New research suggests pre-Homo human ancestral species, such as Australopithecus africanus, used human-like hand postures much earlier than was previously thought.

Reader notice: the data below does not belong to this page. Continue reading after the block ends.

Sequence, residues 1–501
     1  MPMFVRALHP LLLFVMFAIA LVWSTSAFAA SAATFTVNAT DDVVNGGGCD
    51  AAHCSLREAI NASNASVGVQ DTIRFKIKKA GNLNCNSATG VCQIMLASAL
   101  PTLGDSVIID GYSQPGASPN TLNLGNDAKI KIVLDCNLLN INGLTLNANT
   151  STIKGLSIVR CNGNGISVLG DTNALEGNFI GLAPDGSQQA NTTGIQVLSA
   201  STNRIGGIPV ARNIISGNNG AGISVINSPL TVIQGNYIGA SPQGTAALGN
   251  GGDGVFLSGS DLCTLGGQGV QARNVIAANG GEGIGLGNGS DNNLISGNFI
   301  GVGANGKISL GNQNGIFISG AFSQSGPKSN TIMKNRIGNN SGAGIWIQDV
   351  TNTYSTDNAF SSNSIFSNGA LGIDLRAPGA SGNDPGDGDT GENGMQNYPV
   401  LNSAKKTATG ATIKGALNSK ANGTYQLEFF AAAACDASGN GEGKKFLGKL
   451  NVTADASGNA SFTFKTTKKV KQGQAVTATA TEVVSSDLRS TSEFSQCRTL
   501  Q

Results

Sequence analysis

Anthropologists from the University of Kent, working with researchers from University College London, the Max Planck Institute for Evolutionary Anthropology in Leipzig (Germany) and the Vienna University of Technology (Austria), have produced the first research findings to support archaeological evidence for stone tool use among fossil australopiths 3-2 million years ago. The distinctly human ability for forceful precision (e.g. when turning a key) and power “squeeze” gripping (e.g. when using a hammer) is linked to two key evolutionary transitions in hand use: a reduction in arboreal climbing and the manufacture and use of stone tools. However, it is unclear when these locomotory and manipulative transitions occurred.